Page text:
NEW YORK (GenomeWeb) – An international team led by investigators in China, Taiwan, and Belgium has sequenced the genome of the orchid Phalaenopsis equestris — a favored parental plant in orchid breeding and the first sequenced representative of plants that perform photosynthesis using crassulacean acid metabolism.
As they reported in Nature Genetics today, the researchers sequenced DNA from an inbred P. equestris line and used it to produce an almost 1.1-billion-base genome assembly.
The resulting draft sequence spans roughly 93 percent of the complete P. equestris genome and contains more than 29,000 predicted protein-coding genes: among them, candidate genes that appear to explain everything from the plant's place in the plant family tree to the genes behind its distinguishing features.
"The complete genome sequence of P. equestris will provide an important resource to start exploring orchid diversity and evolution at the genome level, which will be important for ecological and conservation purposes," the study's authors wrote.
"The genome sequence will also be a key resource for the development of new concepts and techniques in genetic engineering, such as molecular marker-assisted breeding and the production of transgenic plants, which are necessary to increase the efficiency of orchid breeding and aid orchid horticulture research," they added.
In addition to their economic significance and desirability as ornamental plants, the researchers explained, members of the Orchidaceae plant family have drawn attention from investigators due to their intricate floral structure, varied reproductive capabilities, diverse ecological specializations, and co-evolution with insect pollinators.
Orchids are also amongst the plants that rely on crassulacean acid metabolism, or CAM, a form of photosynthesis in which plants take in carbon dioxide through their leaves at night, rather than the daytime, to decrease water loss by evaporation. That carbon dioxide is then stored and used for photosynthesis during the day.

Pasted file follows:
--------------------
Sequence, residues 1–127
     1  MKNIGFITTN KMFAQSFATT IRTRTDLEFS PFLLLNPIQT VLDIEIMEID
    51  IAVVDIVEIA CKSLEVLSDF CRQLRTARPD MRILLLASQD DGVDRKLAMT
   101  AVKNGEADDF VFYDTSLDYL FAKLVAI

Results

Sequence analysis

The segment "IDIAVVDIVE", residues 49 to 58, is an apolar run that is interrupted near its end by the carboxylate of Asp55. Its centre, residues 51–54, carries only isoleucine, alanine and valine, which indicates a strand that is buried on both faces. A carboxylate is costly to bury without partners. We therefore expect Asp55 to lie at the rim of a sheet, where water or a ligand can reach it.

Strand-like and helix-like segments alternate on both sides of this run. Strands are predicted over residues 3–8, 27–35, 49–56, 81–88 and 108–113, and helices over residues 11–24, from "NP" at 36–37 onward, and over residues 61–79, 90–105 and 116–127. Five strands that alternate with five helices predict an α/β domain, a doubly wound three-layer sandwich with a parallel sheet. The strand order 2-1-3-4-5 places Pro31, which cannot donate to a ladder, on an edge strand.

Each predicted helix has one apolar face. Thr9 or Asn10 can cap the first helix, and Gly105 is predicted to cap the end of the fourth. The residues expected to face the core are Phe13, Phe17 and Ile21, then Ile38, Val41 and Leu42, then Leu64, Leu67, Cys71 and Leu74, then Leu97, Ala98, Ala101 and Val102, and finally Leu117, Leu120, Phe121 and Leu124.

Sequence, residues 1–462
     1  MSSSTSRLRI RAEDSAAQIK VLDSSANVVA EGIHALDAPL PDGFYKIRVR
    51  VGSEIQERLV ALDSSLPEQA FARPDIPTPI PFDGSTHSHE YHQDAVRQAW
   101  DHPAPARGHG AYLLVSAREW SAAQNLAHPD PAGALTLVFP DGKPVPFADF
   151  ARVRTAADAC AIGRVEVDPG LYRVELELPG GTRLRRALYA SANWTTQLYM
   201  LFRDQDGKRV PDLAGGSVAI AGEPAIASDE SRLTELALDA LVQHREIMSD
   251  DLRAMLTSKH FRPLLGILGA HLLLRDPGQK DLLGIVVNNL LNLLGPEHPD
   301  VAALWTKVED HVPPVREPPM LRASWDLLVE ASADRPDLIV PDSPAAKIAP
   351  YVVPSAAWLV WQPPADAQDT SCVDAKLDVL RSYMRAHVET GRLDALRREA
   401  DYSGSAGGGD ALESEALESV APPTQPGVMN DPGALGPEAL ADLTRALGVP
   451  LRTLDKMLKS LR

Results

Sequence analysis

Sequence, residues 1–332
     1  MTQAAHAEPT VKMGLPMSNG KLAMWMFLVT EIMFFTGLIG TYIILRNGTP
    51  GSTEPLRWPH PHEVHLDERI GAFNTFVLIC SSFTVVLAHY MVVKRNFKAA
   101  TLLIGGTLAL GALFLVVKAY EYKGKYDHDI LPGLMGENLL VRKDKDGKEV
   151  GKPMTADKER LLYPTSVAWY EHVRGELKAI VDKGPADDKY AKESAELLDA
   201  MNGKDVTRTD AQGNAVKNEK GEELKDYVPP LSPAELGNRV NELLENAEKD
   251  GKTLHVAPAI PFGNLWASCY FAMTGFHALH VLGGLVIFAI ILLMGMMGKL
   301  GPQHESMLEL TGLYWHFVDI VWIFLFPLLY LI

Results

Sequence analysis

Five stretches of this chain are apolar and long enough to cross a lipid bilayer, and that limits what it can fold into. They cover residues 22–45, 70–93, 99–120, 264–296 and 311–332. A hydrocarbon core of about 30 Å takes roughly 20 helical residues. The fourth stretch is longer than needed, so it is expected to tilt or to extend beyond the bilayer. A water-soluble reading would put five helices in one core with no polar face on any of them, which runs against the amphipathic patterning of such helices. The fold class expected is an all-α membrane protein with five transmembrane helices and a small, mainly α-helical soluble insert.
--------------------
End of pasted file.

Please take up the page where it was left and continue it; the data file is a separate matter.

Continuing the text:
In an effort to start untangling the genetic underpinnings for these and other orchid features, the researchers focused on the diploid P. equestris species. After creating libraries from DNA in leaves and flowers from multiple representatives in the same inbred P. equestris line, they sequenced seven of the libraries using the Illumina HiSeq 2000 instrument.
In the process, the team generated more than 119 billion bases of sequence data, which it used to assemble a 1.086-billion-base draft assembly for P. equestris.
To aid in their annotation of the genome and gene expression profiling of the plant, the researchers also generated RNA sequence data on P. equestris root, stem, leaf, and flower samples. They noted that an existing database known as OrchidBase also contains transcriptome sequence data for the plant.
The team's analysis identified 29,431 predicted protein-coding sequences in the P. equestris genome, though repetitive elements such as interspersed repeats, transposable elements, and tandem repeats made up more than 60 percent of the plant's genome.
Nearly 5,700 P. equestris gene families overlapped with those found in rice, grapevine, and Arabidopsis thaliana. On the other hand, some 4,171 orchid genes appeared distinct from genes documented in a wide range of sequenced plants that included Arabidopsis thaliana, black cottonwood, grapevine, rice, purple false brome grass, sorghum, maize, Physcomitrella patens moss, and sequenced green algae species.
Within tricky-to-assemble regions of the genome that contained highly heterozygous sequences, meanwhile, the team saw variant clusters containing some 1.7 million SNPs. The heterozygous regions were also home to a slew of genes related to plant defense and programmed cell death, which are suspected of contributing to plant processes that deter self-pollination.
The researchers' look at the orchid's evolutionary history and relationships to other plants — based on a phylogeny built from information at up to 342 single-copy genes — indicated that orchids belong to a lineage that split from other monocot plants roughly 135 million years ago.
That split was followed by a whole-genome duplication event involving the ancestor of most orchid clades that occurred an estimated 75.57 million years ago, they reported.
For subsequent stages of their analysis, the researchers tracked down and characterized genes involved in orchid flower morphology and development as well as enzyme-coding genes contributing to CAM.
For instance, the data available indicated that CAM-based photosynthesis in orchids evolved through a series of gene duplication and gene loss events in that lineage. Nevertheless, the team noted duplicated genes involved in that process do not seem to stem from the whole-genome duplication documented in the orchid ancestor.